In the last few weeks we have looked at the lives and teachings of the Church Fathers in the first four centuries. This week we are looking at the end of the patristic age and the list of doctors of the Church.
5th century councils
There were two ecumenical councils in the 5th century: the Council of Ephesus in 431 and the Council of Chalcedon in 451. The two great figures during these two councils were St. Cyril of Alexandria and St. Leo the Great.
St. Cyril taught the hypostatic union: divine and human natures are united in the person of Christ. He is called "the seal of the Fathers," as he brought the golden age of patristic literature to a glorious close in the Orient.
St. Leo the Great expressed the Incarnation in decisive terms: two perfect natures in a single person.
St. John Damascene (ca. 676-749) brought the patristic age to a close. In the third part of his principle work, The Source of Knowledge, John summarized the whole of Greek theology. It was the manual of dogmatic theology in the East, and when it was translated into Latin in the 12th century, it helped to transmit essentially the whole of the Greek Fathers to the West.
In the West there were holy men who helped to transmit patristic thought in the Middle Ages. St. Caesarius of Arles (ca. 470-543), a popular preacher, adapted the doctrine and sermons of St. Augustine to the ways of a still-pagan population. St. Gregory the Great (ca. 540-604) gathered together the whole heritage of Christian antiquity and laid the foundation of medieval Christendom.
St. Bernard (1090-1153) was well read in the writings of the Fathers, especially St. Ambrose and St. Augustine. He often took their thoughts from their writings and by a new turn made them his own. Though St. Bernard lived during the age of the scholastics, he treated theology after the manner of the ancient Fathers; hence he was called "The Last of the Fathers."
Doctors of the Church
According to the Modern Catholic Dictionary, "Doctor of the Church" is "a title given since the Middle Ages to certain saints whose writing or preaching is outstanding for guiding the faithful in all periods of the Church's history."
The Church recognized in the doctors the authorized interpreters of her doctrine.
Currently there are 33 doctors of the Church, many of whom are Fathers of the Church. St. Gregory the Great, St. Ambrose, St. Augustine, and St. Jerome were recognized in the Latin Church as doctors by the 8th century, while the Greek Church recognized three great "ecumenical doctors": St. Basil, St. Gregory Nazianzen, and St. John Chrysostom. In 1298 Pope Boniface VIII sanctioned the use of the title for the four Latin Fathers.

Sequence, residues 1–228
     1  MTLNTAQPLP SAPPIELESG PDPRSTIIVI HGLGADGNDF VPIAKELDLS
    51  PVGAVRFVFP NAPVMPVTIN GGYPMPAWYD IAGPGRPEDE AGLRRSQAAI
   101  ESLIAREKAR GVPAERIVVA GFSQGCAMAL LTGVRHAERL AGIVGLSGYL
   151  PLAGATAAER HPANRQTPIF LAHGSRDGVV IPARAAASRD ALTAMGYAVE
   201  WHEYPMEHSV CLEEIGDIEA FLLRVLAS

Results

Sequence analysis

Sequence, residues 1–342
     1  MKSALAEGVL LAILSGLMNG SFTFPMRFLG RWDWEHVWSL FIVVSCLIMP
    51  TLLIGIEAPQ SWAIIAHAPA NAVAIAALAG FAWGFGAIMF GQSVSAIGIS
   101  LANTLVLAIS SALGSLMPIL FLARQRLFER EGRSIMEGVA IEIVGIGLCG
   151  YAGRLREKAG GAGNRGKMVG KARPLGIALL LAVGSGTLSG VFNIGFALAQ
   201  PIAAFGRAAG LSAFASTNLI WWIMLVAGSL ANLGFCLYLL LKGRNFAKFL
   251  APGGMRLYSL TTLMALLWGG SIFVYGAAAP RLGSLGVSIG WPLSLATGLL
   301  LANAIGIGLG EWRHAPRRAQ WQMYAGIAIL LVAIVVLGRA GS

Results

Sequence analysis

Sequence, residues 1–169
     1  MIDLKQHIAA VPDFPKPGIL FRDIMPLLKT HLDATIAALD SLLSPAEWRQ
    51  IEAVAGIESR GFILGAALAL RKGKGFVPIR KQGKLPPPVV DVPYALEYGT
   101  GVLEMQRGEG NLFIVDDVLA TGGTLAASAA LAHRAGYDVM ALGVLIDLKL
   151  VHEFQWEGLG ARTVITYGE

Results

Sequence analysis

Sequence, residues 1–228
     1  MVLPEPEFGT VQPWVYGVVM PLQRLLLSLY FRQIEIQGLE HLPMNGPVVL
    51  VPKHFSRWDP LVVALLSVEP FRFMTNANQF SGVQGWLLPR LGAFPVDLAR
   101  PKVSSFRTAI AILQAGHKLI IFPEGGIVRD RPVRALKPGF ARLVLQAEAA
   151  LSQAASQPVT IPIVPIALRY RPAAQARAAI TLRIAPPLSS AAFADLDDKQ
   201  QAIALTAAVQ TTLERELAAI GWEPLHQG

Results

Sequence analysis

In 1568 the Dominican Pope St. Pius V accorded the title to the three "ecumenical doctors" of the Greek Church, to St. Athanasius, and to a Dominican, St. Thomas Aquinas. In 1588 the Franciscan Sixtus V conferred the title on a Franciscan, St. Bonaventure.
In the 18th century St. Anselm, St. Isidore of Seville, St. Peter Chrysologus, and St. Leo the Great were named doctors of the Church.
In the 19th century St. Peter Damian, St. Bernard of Clairvaux, St. Hilary of Poitiers, St. Alphonsus Liguori, St. Francis de Sales, St. Cyril of Alexandria, St. Cyril of Jerusalem, St. John Damascene, and St. Bede the Venerable were declared doctors of the Church.
In the 20th century St. Ephrem, St. Peter Canisius, St. John of the Cross, St. Robert Bellarmine, St. Albertus Magnus, St. Anthony of Padua, St. Lawrence of Brindisi, St. Teresa of Avila, St. Catherine of Siena, and St. Therese of Lisieux were named doctors of the Church.
"Those who are learned will be as radiant as the sky in all its beauty; those who instruct the people in goodness will shine like the stars for all eternity."
教父時代以聖若望.達瑪瑟（達甦) (ca. 676-749) 終結 。他箸名的「知識泉源」，綜合了整個東方教會的神學思想和教義。在十二世紀，他作品的拉丁譯文，把所有東方教會的精髓，流傳到西方教會。
聖凱撒利亞(ca. 470-543)是有名氣的講道員，在異教徒中，把聖奧斯定（思定）的主張和講道，發揮淋漓盡致。聖教宗大額我略（國瑞）一世(ca. 540-604)把教會歷來的傳統思想和理論彙集，成了中世紀基督宗教的基礎。聖伯爾納鐸（納德）(1090-1153)熟讀聖盎博羅削（安博)和聖奧斯定的箸作，轉化成自己的一套思想，雖處士林學派scholastics時期，但他效法先前教父研究神學的方式，所以被稱為「最後一位教父」。
Published at Pax Sinica column (October 4) of The B.C . Catholic newspaper